In July 1922, fifty-seven year old Charlotte Clarke was referred to Banting by Dr. L.C. Palmer, a local surgeon who had been a fellow medical officer during the First World War in Cambrai, France. Palmer had a severely diabetic patient, Charlotte Clarke, who was also suffering from a badly infected gangrenous infection in her right ankle that needed to be amputated. Dr. Palmer, dubious about her chances of surviving the surgery, consulted Dr. Banting who advised amputation and prescribed treatment with insulin.
On July 10th, Charlotte Clarke, who was nearly comatose, was given her first dose of insulin.On the 11th, Clarke stabilized and Dr. Palmer amputated her right leg above the knee using a general anaesthetic which he thought she may have not been able to withstand without insulin.
Toronto General Hospital. Patient records for Mrs. Charlotte E. Clarke, showing her admission on July 9 and discharge on September 2, 1922.
These notes record the first operation on a diabetic utilizing the new insulin treatment. After the operation, in Dr. Palmer's opinion "it did not seem possible that she could get better." After receiving insulin for several days, however, her wound began to heal, but when the supply of insulin ran out, the wound reopened.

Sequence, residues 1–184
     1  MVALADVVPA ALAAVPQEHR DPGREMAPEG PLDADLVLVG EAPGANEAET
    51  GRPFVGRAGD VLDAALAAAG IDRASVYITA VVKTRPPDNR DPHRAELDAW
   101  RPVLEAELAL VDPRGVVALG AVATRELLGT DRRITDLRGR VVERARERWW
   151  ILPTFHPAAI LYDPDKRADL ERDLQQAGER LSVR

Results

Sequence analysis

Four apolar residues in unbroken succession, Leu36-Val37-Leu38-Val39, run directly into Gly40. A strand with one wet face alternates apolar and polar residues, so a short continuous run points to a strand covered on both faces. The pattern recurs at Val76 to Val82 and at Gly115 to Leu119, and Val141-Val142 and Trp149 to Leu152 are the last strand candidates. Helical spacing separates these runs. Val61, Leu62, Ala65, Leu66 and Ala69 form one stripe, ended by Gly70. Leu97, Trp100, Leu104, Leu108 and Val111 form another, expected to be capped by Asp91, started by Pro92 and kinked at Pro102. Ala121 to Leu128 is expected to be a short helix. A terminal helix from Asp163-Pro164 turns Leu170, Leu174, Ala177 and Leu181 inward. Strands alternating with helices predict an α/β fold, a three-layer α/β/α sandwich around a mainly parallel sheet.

"The outlook was most discouraging for it did not seem possible to ever get the wound to heal again. Dr. Banting, on returning to the city, started the patient on a fresh supply of Insulin, the wound immediately started to heal and became a first hard scar. On August the 5th the patient was free of sugar for the first time in six years ... I may state that Mrs. Clarke is now in good health, she looks at least 40 years younger and gets around freely, does her own housework and cooked [sic] the meals for her family."
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